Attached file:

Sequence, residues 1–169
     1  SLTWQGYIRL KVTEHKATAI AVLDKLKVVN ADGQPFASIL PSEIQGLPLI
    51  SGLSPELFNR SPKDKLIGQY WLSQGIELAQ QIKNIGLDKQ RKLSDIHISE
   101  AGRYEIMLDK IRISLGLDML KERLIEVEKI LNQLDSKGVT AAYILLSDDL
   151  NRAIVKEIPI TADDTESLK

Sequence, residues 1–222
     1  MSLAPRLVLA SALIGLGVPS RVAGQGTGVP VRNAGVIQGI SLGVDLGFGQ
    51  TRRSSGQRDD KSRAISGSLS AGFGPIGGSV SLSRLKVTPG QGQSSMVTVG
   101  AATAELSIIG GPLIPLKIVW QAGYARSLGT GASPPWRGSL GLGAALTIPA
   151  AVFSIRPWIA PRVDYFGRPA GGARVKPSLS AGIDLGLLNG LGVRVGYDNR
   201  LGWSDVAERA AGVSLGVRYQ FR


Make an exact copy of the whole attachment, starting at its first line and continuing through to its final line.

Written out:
Sequence, residues 1–169
     1  SLTWQGYIRL KVTEHKATAI AVLDKLKVVN ADGQPFASIL PSEIQGLPLI
    51  SGLSPELFNR SPKDKLIGQY WLSQGIELAQ QIKNIGLDKQ RKLSDIHISE
   101  AGRYEIMLDK IRISLGLDML KERLIEVEKI LNQLDSKGVT AAYILLSDDL
   151  NRAIVKEIPI TADDTESLK

Sequence, residues 1–222
     1  MSLAPRLVLA SALIGLGVPS RVAGQGTGVP VRNAGVIQGI SLGVDLGFGQ
    51  TRRSSGQRDD KSRAISGSLS AGFGPIGGSV SLSRLKVTPG QGQSSMVTVG
   101  AATAELSIIG GPLIPLKIVW QAGYARSLGT GASPPWRGSL GLGAALTIPA
   151  AVFSIRPWIA PRVDYFGRPA GGARVKPSLS AGIDLGLLNG LGVRVGYDNR
   201  LGWSDVAERA AGVSLGVRYQ FR